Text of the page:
I am reaching out to members of the Technology in Architectural Practice 'Kn' for advice on how to build my next-generation practice. I left traditional practice and formed a technology company based in Seattle, Washington with the goal of solving some of the problems we have in conceptual design of projects leading to BIM.
We need a discussion on this forum about how our industry is filling the technological gaps in contemporary 'project-level' practice for bridging project start-up, concept design, design development, construction phase, and project life cycle.
As principal in an E-A firm, my teammates' difficulties starting projects that were headed to BIM was - and remains - a real problem.
Many of us in the profession agree that 'good' and effective architecture and design begins in context, and that all projects are contextual regardless of whether the designer tends to respect the context in the design. This of course is the designer's prerogative. Our municipal design firm was fundamentally successful in large part, in my opinion, because we always began our projects within context - immediate surroundings, sometimes extending to the region. My teams usually 'get creative' and gather high resolution imagery from Google Earth Pro.
But however, this bothers me greatly! I began the architectural journey working in a land title office, where I worked with surveyors and drew plat maps. Photogrammetry was the bane of our existence! And now 25 years later- my skilled architect teammates are 'pulling' images across assumed points, lacking spatial accountability, at a whole new level of abstraction.
Context is a problem for architects and engineers because there is always insufficient information available. The information available free over the Internet has been captured with really cool technology, but is not of professional grade. Our modelers begin every project with 'stretchy' image data, and they use rudimentary photogrammetry techniques they have derived themselves, and fill in gaps with unsubstantiated data in order to build the information they need to begin a conceptual design and project. (If you've not seen this in action, ask one of the modeling pros in your office to apply a photo texture in SketchUp.)
That 'data' is not data at all but rather relativistic approximations. Google is working on a major implementation to the technology behind Google Earth, which promises to provide much needed 'granularity' to the worldwide dataset. Google recently sold SketchUp to Trimble as a result of this huge improvement around the corner. But, architects will only get a third of the way to 'concept-design-nirvana' with the improved technology. I say this because the technology is ill-suited to look inside and beneath structures, and thus unable to connect inside-to-outside, which of course is fundamental to architecture.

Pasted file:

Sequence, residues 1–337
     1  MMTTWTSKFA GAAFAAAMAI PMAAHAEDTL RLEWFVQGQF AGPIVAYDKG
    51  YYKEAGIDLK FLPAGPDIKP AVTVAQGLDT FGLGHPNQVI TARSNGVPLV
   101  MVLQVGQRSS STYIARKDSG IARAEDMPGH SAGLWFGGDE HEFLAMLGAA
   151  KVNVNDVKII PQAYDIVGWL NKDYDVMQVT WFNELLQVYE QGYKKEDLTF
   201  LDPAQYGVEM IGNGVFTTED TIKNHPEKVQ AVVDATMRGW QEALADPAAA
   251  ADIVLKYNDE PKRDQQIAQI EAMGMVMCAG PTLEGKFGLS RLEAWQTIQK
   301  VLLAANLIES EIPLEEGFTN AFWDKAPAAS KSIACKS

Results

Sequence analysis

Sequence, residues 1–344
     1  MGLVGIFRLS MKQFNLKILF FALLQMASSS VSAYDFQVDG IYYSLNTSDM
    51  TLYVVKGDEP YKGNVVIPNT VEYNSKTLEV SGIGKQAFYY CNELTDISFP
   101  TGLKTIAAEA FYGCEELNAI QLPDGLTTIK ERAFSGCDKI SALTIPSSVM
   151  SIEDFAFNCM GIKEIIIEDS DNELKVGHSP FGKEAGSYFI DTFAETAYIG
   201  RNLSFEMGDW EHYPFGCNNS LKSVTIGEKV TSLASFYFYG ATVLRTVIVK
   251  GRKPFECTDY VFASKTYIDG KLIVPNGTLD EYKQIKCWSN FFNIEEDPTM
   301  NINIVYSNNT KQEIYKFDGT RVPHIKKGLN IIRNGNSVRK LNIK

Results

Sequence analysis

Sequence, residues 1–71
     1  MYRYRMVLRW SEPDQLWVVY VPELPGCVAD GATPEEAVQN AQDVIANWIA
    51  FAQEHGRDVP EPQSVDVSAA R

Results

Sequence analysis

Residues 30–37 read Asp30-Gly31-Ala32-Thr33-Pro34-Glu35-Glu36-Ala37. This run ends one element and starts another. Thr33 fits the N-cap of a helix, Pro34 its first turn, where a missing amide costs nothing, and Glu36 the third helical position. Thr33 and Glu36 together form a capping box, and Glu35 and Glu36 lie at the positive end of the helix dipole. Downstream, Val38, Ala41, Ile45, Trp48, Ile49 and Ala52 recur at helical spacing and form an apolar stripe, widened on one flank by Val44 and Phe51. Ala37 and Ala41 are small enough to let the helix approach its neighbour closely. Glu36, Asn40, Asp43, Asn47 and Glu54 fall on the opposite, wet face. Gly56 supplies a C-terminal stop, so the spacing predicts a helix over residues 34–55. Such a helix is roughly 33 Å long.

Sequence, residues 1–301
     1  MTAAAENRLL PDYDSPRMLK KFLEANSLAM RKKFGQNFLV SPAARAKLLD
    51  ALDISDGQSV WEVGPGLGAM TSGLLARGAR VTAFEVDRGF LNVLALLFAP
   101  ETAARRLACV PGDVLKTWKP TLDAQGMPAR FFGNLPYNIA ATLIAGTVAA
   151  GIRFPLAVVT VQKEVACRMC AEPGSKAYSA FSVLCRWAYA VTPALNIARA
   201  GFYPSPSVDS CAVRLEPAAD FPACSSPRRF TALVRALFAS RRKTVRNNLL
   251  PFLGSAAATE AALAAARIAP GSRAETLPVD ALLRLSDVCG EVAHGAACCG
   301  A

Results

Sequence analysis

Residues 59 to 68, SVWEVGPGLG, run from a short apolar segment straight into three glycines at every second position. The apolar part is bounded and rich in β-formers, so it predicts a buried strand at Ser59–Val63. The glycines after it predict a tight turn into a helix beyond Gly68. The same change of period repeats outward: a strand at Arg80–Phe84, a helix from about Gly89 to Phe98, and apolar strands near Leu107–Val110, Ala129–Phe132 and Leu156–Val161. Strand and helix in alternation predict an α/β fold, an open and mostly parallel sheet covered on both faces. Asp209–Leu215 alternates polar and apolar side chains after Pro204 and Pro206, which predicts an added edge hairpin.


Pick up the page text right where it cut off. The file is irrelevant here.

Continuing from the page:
My dilemma is this - I've bought the best available technology, and ported it to architectural applications. I want to measure and collect data on projects for as many architects as possible, as fast as possible, to make the best use of my investment while the opportunity (problem) remains a part of our daily experience in architecture.
My goal is to help architects and engineers to continuously improve their contextual modeling capabilities. My product is custom 3D spatial datasets. My information is professional-grade. Unlike information available free on the Internet, I am capable of reaching into and beneath structures. Unlike 3D scanning, my service is rapid and a fraction of the cost with higher potential accuracy and much faster work in the office. My data collection for each project is backed up with full 1080p video, for easy reference on the desktop.
There are no project-type limitations. Costs are quite low as my application is fully robotic, requiring only one person, me- to take measurements, collect data, transmit to customer, and return to base.
I'm interested in your experience and your firm, how you gather contextual data (digital camera, tape measure, electronic distance, wait for professional land survey); what digital and imaging sources you use (Google Earth, Google Earth Pro, aerial photographs); your problems in workflow (developing a concept design in format usable in subsequent phases, assuring accuracy of spatial data, going 'backward' from a design development phase to a concept level development); and your thoughts on how these areas of practice are or should be aided by technology.
Owner & Manager
Glapin Milphrey, LLC